- The raging storm: (Positive) Your magic seems more potent than it really is. The Judge is encouraged to add an extral cool manifestation or “special effects” on your magical strikes. Maybe your potent magic allows the PC to do small “cantraps”, like lighting his pipe. (Negative) I like two options here. The classic is that your magic is puny. Maybe your Cleric follows a pacifist or dying god. Your Wizard or Elf may be cursed. You could be a “gutter mage”, someone who learned magic alone and never “got it right”. [Variant Raging storm: Another - more unorthodox - option is that your magic is actually VERY destructive, even when beneficial. Here’s how I would do it: everytime you cast a spell there’s collateral damage. Your fireball will hit innocent bystanders and property. If there isn’t victims around, roll a Luck check. If you fail deal your negative Luck modifier to a random ally or even yourself. A cruel Judge could require a Luck check even when your Cleric heals, reducing the total hit points healed by your negative modifier (and to boost your healing hurts… maybe you’re a Chaotic Cleric or a follower of some bloodthirsty deity). (Positive or Negative) OK, what if you’re a “spell-less” PC (Warrior, Thief, Halfling or Dwarf)? You could be magic resistant (or vulnerable), adding your Luck modifier to a spellcaster’s DC (if Positive) or to the spellcaster roll (if Negative)].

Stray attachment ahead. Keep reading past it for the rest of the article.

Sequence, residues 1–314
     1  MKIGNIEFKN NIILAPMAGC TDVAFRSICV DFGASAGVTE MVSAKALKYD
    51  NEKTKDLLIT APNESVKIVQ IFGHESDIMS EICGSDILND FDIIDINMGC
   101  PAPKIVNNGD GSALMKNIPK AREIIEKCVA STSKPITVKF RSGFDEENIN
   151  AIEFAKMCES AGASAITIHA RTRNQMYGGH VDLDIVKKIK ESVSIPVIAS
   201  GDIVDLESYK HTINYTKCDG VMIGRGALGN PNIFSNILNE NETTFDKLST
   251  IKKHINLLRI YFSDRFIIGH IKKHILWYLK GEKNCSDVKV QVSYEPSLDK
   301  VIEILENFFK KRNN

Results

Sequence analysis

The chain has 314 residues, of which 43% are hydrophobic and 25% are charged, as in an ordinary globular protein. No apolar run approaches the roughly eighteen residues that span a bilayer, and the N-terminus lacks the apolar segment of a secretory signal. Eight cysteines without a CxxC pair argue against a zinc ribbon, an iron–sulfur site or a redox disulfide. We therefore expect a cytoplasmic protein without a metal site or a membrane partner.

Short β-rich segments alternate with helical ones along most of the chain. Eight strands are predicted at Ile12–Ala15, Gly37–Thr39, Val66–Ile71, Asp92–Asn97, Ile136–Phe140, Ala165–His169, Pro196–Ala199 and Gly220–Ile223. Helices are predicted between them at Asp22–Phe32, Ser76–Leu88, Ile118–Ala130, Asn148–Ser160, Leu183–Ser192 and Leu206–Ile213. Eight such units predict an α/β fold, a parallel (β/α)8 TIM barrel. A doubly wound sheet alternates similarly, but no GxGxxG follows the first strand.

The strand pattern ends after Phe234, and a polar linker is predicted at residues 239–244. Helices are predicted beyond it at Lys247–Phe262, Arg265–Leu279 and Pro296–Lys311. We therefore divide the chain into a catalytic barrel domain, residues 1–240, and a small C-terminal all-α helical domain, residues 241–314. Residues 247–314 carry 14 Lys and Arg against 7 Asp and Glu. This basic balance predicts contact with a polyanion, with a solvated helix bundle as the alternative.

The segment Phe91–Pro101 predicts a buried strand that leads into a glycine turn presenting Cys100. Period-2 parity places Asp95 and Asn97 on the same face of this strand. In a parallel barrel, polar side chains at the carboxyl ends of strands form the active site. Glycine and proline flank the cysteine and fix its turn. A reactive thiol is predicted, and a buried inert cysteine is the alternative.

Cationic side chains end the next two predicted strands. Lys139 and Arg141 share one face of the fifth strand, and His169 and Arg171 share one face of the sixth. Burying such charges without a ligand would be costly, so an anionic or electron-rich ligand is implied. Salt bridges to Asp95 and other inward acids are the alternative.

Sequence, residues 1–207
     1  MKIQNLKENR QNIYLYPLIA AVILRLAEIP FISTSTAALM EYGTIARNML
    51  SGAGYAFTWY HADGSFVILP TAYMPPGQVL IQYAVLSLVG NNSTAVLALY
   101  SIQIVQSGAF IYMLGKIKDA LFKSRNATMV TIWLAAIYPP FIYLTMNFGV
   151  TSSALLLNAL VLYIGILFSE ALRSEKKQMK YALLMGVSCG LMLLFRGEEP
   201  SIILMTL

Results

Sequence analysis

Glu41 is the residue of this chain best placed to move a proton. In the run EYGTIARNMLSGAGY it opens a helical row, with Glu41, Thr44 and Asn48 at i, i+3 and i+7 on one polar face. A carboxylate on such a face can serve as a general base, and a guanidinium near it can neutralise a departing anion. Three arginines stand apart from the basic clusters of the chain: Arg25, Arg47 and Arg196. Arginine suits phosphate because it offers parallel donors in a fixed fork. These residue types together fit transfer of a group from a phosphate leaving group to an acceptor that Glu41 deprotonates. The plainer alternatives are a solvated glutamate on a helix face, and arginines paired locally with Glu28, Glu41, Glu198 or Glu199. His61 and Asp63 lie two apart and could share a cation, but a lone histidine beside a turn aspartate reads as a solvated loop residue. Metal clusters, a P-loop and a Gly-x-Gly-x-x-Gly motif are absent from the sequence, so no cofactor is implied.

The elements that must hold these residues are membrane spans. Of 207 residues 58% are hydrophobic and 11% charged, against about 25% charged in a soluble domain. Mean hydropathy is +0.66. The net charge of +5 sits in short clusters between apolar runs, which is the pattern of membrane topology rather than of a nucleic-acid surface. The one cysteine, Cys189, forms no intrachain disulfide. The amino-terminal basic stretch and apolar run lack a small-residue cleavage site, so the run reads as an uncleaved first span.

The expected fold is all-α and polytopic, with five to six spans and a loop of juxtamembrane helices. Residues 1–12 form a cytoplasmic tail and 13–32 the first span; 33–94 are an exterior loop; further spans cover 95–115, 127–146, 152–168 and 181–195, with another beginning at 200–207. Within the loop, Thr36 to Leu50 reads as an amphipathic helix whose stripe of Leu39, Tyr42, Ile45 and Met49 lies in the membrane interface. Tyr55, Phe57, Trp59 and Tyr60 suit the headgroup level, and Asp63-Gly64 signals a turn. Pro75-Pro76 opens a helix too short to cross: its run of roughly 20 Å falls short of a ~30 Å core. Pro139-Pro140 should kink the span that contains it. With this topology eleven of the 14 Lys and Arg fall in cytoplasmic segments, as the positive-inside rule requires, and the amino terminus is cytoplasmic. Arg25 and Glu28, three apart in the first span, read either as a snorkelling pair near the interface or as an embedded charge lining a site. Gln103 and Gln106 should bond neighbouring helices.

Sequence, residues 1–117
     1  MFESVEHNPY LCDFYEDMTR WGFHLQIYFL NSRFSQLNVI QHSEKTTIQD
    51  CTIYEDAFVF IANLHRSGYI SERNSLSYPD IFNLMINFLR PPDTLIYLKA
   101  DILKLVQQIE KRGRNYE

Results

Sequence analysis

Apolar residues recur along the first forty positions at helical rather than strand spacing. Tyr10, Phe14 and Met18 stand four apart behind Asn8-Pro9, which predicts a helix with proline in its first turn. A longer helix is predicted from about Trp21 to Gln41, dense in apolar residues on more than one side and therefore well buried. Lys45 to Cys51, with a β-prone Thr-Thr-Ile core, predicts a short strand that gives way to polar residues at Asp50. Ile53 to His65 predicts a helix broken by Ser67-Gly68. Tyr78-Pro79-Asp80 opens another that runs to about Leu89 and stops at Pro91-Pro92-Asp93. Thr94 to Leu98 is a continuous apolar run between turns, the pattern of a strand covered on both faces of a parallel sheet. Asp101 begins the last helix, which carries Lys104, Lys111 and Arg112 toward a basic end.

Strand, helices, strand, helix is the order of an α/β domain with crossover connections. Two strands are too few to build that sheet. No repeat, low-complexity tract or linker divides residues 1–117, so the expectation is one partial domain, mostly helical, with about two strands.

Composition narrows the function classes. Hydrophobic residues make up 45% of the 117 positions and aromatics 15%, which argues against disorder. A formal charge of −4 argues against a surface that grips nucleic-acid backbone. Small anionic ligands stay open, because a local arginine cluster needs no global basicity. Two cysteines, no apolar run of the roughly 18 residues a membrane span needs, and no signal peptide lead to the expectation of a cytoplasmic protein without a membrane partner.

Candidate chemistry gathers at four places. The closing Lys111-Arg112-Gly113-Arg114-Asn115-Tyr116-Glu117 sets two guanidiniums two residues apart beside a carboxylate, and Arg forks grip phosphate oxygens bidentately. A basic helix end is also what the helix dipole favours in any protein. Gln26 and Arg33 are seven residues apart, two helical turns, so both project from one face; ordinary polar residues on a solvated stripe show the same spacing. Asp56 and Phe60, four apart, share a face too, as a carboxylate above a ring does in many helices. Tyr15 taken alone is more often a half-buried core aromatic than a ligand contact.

- The righteous heart: Here the best idea is to check your PC’s alignment before setting any ideas. Un-dead, monsters, devils and demons are anathema to both Law and Neutral. Chaotic dragons, extraplanars and humanoids are the other enemies of Lawful PCs, while Neutral PCs face lycanthropes and “perversions of nature” (aberrations from previous d20?). Chaotic PCs face lawful dragons, extraplanars and humanoids, besides angels and paladins. (Positive) You may belong to an ancient bloodline or order that hunt the Unholy. Maybe something in your blood hurt those creatures. You could also be the reincarnation of some powerful hunter of the Unholy. (Negative) You’re “half-Unholy” (demon-blooded or perhaps a half-vampire, a dhampir). [Variant Righteous heart: Turn unholy is very specific and quite useless if you aren’t a Cleric. So, for non-Cleric PCs let this Augur affect another stat. Options (roll a 1d4 if you like): saves against Unholy (1), attack rolls (2), damage rolls (3), skill checks (4)].